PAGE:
john a. powell is Director of the Haas Institute for a Fair and Inclusive Society at the University of California, Berkeley, where he holds the Robert D. Haas Chancellor's Chair in Equity and Inclusion. He is author (with Gavin Kearney and Vina Kay) of In Pursuit of a Dream Deferred, and (with Laughlin McDonald) of The Rights of Racial Minorities: The Basic ACLU Guide to Racial Minority Rights.
Top customer reviews
What is needed today, and what has been sorely lacking in racial discourse up to this point, are robust examinations of whiteness. Unless we can draw out the many layers of its totalizing character, we will continually discover that as soon as we have dismantled one structural manifestation it has shape-shifted into a fresh evil. The best example powell provides is the distinction between North and South/pre- and post-Civil Rights forms of racism. The South’s Jim Crow apartheid system was the prime target (alongside universal suffrage) of civil right’s reform. This was not, however, the way whiteness had “raced” the North where segregation of metropolitan space through redlining, blockbusting and other tactics was the central tool. As Jim Crow was repealed, the Northern strategy slipped in on its heels (147ff). In the spirit of redirecting the social construction of race in America, Powell offers a slew of penetrating insights into the nature of whiteness: whiteness as anxiety and fear, as isolation, as a property interest, and even as “emptiness” because it is unconstitutable without a discriminatory relation to the non-white other. A beautiful moment of exposure comes through his use of a quote from James Baldwin, “As long as you think you’re white, there’s no hope for you” (150). Whiteness, as it functions in America, is not an ontological fact for anyone. Painful though it may initially be, there is hope for those who identify as “white” to discover that the implicit meanings under this term need not possess any descriptive power over us.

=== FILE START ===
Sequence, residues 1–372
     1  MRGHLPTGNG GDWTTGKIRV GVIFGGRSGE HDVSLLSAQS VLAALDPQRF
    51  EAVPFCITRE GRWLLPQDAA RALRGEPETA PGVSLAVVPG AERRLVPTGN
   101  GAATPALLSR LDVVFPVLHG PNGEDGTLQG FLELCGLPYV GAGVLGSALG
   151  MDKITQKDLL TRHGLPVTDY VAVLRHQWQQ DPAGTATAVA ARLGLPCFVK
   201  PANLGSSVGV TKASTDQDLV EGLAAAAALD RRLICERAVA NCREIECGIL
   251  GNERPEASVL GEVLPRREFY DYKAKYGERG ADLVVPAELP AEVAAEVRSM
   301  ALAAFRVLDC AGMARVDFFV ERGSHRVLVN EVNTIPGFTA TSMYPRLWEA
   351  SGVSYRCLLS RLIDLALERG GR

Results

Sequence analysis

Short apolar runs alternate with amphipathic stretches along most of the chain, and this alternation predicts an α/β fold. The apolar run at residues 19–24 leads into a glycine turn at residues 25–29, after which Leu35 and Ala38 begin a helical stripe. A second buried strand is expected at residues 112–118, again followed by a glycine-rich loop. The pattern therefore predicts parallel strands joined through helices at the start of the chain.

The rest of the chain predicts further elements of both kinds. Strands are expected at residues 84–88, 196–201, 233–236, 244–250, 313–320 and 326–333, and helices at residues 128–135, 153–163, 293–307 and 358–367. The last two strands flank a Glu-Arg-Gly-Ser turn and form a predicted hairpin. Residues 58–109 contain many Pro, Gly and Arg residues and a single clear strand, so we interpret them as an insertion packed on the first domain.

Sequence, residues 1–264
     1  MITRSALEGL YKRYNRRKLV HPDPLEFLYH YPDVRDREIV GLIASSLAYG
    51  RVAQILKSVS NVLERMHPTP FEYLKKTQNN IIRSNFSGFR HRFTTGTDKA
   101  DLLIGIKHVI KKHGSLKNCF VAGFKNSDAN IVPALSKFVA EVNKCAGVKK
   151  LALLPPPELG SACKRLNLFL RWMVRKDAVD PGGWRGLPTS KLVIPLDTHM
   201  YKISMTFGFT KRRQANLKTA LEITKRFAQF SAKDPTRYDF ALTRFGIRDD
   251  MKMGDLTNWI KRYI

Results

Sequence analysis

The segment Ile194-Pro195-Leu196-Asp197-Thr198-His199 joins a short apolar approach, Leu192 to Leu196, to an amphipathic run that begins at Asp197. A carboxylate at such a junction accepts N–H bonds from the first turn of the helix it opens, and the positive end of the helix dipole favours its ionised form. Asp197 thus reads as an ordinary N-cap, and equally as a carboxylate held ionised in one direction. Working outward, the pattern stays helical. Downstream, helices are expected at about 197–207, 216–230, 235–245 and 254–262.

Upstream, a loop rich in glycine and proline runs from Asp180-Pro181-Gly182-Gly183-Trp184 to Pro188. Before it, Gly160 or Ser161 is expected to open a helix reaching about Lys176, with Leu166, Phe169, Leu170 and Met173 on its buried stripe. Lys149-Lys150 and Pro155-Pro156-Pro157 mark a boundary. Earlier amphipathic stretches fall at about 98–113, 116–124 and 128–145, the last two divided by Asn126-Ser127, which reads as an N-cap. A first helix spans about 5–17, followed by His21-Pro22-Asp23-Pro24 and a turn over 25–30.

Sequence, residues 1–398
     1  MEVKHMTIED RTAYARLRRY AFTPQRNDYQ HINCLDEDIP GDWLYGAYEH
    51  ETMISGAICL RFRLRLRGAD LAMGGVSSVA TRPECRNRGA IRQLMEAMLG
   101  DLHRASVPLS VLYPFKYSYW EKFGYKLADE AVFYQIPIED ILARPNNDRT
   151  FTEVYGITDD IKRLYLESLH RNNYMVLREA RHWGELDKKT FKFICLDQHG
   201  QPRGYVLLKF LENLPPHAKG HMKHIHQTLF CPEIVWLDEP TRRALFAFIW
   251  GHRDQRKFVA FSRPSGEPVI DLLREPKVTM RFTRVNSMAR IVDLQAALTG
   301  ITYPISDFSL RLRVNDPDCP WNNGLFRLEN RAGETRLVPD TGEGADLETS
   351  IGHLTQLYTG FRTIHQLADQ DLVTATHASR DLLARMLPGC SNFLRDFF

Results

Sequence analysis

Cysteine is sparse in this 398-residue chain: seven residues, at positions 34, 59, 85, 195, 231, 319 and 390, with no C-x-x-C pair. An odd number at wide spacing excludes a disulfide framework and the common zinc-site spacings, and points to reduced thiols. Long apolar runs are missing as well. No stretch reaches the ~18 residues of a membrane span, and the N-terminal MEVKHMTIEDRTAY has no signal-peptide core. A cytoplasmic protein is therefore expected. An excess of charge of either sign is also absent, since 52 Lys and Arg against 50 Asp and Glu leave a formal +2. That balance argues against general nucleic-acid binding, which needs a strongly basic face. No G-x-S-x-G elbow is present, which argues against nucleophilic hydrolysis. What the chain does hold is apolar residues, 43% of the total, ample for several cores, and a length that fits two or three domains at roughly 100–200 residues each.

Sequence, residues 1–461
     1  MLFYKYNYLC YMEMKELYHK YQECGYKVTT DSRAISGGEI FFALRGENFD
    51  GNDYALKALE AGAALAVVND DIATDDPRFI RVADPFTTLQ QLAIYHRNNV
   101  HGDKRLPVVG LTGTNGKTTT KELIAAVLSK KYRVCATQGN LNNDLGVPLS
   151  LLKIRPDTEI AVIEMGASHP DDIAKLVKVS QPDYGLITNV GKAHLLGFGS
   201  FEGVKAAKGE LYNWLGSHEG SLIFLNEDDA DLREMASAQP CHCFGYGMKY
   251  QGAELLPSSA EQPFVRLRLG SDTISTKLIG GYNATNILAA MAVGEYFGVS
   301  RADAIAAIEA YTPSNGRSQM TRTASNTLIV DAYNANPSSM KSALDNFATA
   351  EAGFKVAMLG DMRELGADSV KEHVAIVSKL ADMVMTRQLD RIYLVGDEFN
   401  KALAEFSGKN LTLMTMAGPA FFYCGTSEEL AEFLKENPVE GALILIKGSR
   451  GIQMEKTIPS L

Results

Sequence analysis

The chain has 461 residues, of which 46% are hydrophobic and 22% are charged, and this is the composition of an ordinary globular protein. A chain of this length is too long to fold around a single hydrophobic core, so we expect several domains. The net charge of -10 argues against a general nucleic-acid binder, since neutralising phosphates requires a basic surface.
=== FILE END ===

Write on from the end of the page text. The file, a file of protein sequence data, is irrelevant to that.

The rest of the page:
The reconstructive fight for powell lies at two levels: 1) rooting out our unconscious biases, and 2) transformations in our political economy. For him, this is fundamentally spiritual work for it involves both redemptive suffering and profound relational work that must be guided by love.
If there is a lack, it is that his book does not dig back far enough into the substrates of Western civilization to uncover the root causes of racism. For that, I recommend Willie James Jenning's brilliant text *The Christian Imagination.* But no book can do everything, and powell is excellent at what he does.
Powell named the most difficult aspect of anti-racist work for me as a white man in a more honest and accurate way than I have ever heard:
“Beyond these distortions, however, lies a more fundamental fear: self-annihilation. For in the context of this society’s unwillingness to come to terms with its racial organization, to ask people to give up whiteness is to ask them to give up their sense of self. We cannot expect people to expose themselves to ontological death or worse. Instead, we must provide space--institutional space, political space, social space, and conceptual space--for the emergence of new relationships and a new way of being that exists beyond isolation and separation” (xviii). Being able to name the pain whites experience--without comparing or equating it to pain of people of color--is a healthy and constructive step toward progress, something I needed fresh permission to own. Powell helped renew my soul, deepen my resolve, and clarify my mission.
Read his book and be empowered for love's public performance: justice.